The distinction is important because employers are responsible for the conduct of their employees when they are on the job. For instance, a trucking company would be responsible for a driver who caused an accident while they were on delivery. However, if a company pays a freelance trucker to deliver such and such goods, they would not be liable if the driver caused an accident because the driver is not their employee.
Under that legal theory, it’s apparent that Uber and Lyft cannot be held liable for the conduct of their contractors unless it can be proven that they committed some form of negligence.
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Proving Negligence Against Lyft or Uber
Since the accident happened during a fare, the victim is entitled to file a claim against Lyft’s $1 million accident policy. However, they are also alleging that the defendant was grossly negligent and attempting to go after punitive damages. While this might be very easy to do in the case of the driver, the driver is unlikely to have sufficient assets against which to file a claim. In other words, a successful lawsuit must target Lyft directly in this matter. The obvious question is then: Was Lyft grossly negligent and, if they were, how were they grossly negligent? In other words, is Lyft vicariously liable for the gross negligence of their driver?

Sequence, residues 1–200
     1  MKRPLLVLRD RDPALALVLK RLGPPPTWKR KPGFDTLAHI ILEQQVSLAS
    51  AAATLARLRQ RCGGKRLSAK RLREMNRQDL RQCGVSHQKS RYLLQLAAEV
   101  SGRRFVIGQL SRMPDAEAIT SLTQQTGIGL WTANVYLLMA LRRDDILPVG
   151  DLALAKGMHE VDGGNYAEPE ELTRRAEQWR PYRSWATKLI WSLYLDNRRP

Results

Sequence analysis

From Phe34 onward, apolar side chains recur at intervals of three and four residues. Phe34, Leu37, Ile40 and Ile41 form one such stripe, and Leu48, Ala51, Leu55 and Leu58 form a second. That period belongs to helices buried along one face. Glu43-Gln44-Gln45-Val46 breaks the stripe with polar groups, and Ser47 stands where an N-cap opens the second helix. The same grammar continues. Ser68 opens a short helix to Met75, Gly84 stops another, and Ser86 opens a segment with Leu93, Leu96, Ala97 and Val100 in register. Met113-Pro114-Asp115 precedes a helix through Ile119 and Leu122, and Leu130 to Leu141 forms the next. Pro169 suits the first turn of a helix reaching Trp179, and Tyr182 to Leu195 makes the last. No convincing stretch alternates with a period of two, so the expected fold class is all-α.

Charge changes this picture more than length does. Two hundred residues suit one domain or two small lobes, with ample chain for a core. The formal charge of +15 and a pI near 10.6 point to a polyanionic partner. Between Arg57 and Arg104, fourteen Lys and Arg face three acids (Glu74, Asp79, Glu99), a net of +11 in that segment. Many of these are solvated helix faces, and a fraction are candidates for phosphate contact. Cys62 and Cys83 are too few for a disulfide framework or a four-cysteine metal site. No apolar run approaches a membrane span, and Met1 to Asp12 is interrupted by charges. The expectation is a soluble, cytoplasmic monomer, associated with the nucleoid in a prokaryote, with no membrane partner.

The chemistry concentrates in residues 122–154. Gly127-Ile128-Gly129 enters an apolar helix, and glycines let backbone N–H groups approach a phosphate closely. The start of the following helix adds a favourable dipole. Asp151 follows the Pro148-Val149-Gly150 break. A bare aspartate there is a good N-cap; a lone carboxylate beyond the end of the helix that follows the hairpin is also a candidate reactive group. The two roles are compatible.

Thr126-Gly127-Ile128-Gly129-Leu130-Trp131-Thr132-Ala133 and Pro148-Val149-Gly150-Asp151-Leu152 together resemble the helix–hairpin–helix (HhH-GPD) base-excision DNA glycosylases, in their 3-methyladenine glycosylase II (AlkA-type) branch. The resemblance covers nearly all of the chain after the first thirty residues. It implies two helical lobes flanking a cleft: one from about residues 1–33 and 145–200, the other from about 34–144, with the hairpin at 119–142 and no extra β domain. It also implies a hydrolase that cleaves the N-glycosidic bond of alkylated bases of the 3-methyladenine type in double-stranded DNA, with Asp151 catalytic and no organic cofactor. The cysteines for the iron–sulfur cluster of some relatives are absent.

Maybe, but not necessarily. There have been a number of claims against Uber and Lyft that allege that the rideshare app is, in and of itself, dangerous and leads to accidents. For instance, let’s say a driver is punished for arriving late to a destination. If that’s the case, then the plaintiff in an accident can sue that the service inevitably leads to accidents because drivers are punished for driving slowly, safely, or getting to their destination outside of a minimum window. Of course, this is an allegation that is made directly against the rideshare company and not the driver specifically.
Another potential argument is that Lyft or Uber did not adequately monitor their drivers in the process of hiring them. Even though Uber and Lyft drivers are considered independent contractors doesn’t mean that rideshare companies can hire, for instance, someone without a license or someone with a poor driving record because they are facilitating a condition that puts the public at risk.
In other words, the doctrine of vicarious liability may not apply to Uber or Lyft drivers in the State of Georgia, but that doesn’t mean that they’re absolved of any wrongdoing and can wash their hands of the situation merely because an independent contractor caused the accident. Both companies must vet their drivers and are expected to conduct background checks.
Nonetheless, the family of the victim mentioned above will need to prove that Lyft was negligent in order to receive payment above the $1 million insurance policy.
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Talk to an Acworth, Georgia Car Accident Attorney Today
If you’ve been involved in an accident with a Lyft or Uber driver, the Roger Ghai Law Offices can help you recover damages related to your injuries. Talk to us today for a free consultation.